David Feinberg, Chairman, Oracle Health
Clinicians didn’t enter medicine to spend half their time on charts and administrative tasks. These heroes, who I call “caregivers,” chose their profession because they love their communities and want to care for and heal people by practicing at the top of their license. But some of the tools and resources designed to help healthcare providers treat patients can take time and energy away from answering this calling.
Technology has transformed many parts of our lives—from the way we shop to the way we bank and communicate. So, why aren’t we using the latest technology to deliver care and reduce the time caregivers spend on administrative tasks? Why aren’t we using the latest technology to ensure that patients—and caregivers—have access to their complete health record?
At Oracle Cerner, we’re imagining new ways to use technology to help healthcare organizations deliver more equitable care and drive operational and financial sustainability.
After spending decades caring for patients—first as a clinician and then as a healthcare administrator—I’m convinced that technology can only fulfill its promise when we use data and insights to serve people. Imagine a doctor who advises a diabetic patient to eat healthier foods and exercise regularly—only to have this person keep coming back with consistently high blood sugar numbers. The doctor continues prescribing medication to control the condition, not knowing the patient can’t afford or access fresh produce.
It’s a scenario that plays out across the United States, but at Geisinger, a hospital system I led in rural Pennsylvania, we believed this vital piece of social data was just as important as a drug. We started screening patients with type 2 diabetes for food insecurity and documented the results in their electronic health record (EHR). Then, whenever a caregiver pulled up the patient chart and saw this, they could refer the patient to a program for free healthy food. It sounds like a deceptively simple solution, but at the most basic level, healthcare is about using the right information at the right time to care for people.
While the EHR shouldn’t be the sole focus of health innovation, it’s a good place to start. EHRs store patient data and are used by clinicians to, among other things, order medications, scans and labs. They also help healthcare organizations manage billing and payments. EHRs have changed the way care is documented, managed, and monetized—but none of them have done enough to curb costs or make healthcare more equitable, effective, or efficient.
Part of the reason is, despite all this information being digitized, there's still no single, longitudinal, or complete health record for a person that securely documents and displays every doctor's visit, procedure, or medication. In our complex world, none of us receive care in one single place. We move cities, use different hospitals, clinics, labs, outpatient centers, and pharmacies. All this data is siloed in disparate systems that don’t talk to each other. The data doesn’t flow easily and securely among systems.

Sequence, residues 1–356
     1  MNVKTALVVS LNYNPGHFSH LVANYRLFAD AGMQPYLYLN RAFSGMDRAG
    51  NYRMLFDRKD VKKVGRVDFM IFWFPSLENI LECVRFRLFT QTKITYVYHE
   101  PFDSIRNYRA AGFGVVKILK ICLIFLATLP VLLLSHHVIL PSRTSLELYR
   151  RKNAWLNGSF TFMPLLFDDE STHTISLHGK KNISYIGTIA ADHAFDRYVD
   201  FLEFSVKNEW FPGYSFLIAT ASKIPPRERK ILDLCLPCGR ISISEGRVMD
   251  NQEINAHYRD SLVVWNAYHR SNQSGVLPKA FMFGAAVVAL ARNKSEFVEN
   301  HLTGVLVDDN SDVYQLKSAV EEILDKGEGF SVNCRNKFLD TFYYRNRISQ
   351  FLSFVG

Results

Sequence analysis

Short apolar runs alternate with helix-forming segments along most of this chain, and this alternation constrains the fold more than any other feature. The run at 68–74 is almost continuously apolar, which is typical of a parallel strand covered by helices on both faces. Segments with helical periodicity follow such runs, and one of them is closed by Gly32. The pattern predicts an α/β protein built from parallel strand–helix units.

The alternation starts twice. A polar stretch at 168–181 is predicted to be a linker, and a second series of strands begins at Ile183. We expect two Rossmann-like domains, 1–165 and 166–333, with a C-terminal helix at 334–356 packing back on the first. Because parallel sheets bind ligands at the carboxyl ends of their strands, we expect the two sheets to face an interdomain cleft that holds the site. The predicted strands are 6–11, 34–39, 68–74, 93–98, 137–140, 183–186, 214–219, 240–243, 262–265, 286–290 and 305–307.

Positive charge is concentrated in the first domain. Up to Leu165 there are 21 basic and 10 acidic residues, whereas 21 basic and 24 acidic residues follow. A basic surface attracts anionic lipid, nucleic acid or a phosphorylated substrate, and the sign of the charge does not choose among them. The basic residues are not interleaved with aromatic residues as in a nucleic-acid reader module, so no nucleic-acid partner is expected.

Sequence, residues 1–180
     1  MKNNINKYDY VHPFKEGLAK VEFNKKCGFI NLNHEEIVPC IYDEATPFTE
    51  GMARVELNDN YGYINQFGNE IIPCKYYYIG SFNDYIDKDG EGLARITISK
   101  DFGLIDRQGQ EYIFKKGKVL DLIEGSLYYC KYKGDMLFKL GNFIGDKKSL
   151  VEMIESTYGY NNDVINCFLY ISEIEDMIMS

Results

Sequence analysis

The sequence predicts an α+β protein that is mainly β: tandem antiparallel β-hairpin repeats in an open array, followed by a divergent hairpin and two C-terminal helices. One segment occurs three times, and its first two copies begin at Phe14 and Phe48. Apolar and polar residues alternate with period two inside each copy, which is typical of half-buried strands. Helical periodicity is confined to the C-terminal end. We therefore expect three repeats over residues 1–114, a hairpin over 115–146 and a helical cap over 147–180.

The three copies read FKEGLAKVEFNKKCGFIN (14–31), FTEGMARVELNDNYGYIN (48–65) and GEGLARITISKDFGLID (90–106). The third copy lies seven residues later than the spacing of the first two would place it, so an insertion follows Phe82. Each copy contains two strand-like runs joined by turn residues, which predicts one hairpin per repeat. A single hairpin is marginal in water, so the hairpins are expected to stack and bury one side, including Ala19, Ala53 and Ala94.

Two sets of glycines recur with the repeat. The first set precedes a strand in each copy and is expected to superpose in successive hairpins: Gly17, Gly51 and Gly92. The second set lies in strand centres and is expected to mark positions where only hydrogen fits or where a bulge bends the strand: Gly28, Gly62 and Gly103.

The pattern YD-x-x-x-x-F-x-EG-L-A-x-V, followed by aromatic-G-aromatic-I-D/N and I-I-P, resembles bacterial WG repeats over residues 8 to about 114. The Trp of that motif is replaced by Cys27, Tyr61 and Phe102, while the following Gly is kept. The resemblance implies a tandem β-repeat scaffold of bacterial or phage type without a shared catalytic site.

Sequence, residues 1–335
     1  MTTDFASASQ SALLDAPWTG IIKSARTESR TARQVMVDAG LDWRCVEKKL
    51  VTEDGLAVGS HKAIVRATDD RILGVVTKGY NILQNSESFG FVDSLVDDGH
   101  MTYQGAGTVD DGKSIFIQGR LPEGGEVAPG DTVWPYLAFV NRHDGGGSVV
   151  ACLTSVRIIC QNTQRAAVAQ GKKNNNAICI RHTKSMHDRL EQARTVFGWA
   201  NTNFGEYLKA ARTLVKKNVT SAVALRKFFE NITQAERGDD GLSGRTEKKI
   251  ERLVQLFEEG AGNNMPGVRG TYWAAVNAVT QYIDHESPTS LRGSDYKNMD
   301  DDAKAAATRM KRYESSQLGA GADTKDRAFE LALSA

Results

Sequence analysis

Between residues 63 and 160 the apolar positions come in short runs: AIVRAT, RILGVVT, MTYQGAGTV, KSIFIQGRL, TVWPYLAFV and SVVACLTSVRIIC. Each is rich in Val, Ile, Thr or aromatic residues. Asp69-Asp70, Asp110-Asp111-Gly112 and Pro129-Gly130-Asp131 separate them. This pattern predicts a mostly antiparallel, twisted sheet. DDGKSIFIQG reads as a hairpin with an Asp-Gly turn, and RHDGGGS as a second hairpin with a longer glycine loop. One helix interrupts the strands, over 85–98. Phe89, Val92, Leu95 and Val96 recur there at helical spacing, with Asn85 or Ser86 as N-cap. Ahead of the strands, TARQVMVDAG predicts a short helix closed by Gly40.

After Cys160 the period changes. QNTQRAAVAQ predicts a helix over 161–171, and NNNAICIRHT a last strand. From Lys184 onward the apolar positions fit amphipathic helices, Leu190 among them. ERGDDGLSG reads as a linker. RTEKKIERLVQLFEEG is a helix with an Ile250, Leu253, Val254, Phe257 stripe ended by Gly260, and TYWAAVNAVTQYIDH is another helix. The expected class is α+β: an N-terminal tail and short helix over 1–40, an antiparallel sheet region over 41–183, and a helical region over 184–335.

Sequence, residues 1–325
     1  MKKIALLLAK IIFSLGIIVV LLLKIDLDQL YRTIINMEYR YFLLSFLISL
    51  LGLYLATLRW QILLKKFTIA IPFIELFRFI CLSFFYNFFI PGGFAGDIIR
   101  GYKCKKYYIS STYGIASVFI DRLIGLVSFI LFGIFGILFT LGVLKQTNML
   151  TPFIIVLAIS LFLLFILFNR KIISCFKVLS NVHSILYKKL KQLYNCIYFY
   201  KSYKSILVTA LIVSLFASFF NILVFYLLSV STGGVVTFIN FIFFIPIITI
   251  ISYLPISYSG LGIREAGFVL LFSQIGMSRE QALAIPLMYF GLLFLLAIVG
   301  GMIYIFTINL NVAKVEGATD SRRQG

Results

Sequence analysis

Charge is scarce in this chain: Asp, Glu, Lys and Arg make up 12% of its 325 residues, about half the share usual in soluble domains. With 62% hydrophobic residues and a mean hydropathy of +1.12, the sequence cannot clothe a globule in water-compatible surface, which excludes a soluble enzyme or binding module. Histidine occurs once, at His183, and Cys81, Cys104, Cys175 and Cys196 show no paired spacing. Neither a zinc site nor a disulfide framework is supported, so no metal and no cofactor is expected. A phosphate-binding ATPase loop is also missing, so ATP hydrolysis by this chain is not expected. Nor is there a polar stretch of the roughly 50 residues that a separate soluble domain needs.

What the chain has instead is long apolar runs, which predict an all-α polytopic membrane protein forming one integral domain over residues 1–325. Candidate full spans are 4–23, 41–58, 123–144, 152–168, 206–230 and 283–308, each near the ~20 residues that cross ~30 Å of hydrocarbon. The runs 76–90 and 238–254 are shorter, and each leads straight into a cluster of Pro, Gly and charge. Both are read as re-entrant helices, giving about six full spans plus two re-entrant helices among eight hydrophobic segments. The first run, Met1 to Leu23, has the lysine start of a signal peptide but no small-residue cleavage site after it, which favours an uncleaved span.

This can impact the care a person receives, and it takes a toll on those who provide it. Today, clinicians spend too many hours manually entering data, and hospital staff spend too much time searching for resources they can’t locate in the system. These disjointed systems also slow down innovation and research.
Now, imagine an easy-to-use EHR that brings together every relevant detail needed to provide the best care. It’s a tool that lets doctors and nurses talk with a patient while a device in the background captures the noteworthy pieces. This same system makes it easy for caregivers to order medications and follow-up exams with a single click or voice command. It also connects to intelligent software that tracks every aspect of a hospital’s inventory, so administrators instantly know the availability and location of critical equipment or life-saving medications.
With this new system, public health officials will be better prepared to manage crises, like pandemics, and proactively care for underserved populations through real-time data. Meanwhile, researchers would have access to unparalleled data, helping them find and develop new cures or treatments more quickly. This vision of healthcare is achievable if we put our hearts and minds behind the effort.
Many healthcare and technology companies have worked toward this reality for some time. This next era of healthcare digital transformation requires a broader, more collaborative effort. We must harness the power of massive infrastructure, technical expertise, and capabilities like AI. It’s not just about healthcare needing more technology, though. Technology also needs more healthcare expertise. Changing healthcare worldwide requires a profound understanding of how healthcare operates—how health data should flow based on the complex workflows and informational needs of different providers.
We know this vision won't be easy to achieve, but we’re at an inflection point. Now is the time to think big and find ways to use technology to completely change workflows, improve health equity, decrease the cost of care, and make it easier to deliver care. We need to accelerate our innovation and work together to make healthcare more open, connected, and accessible. That's our responsibility.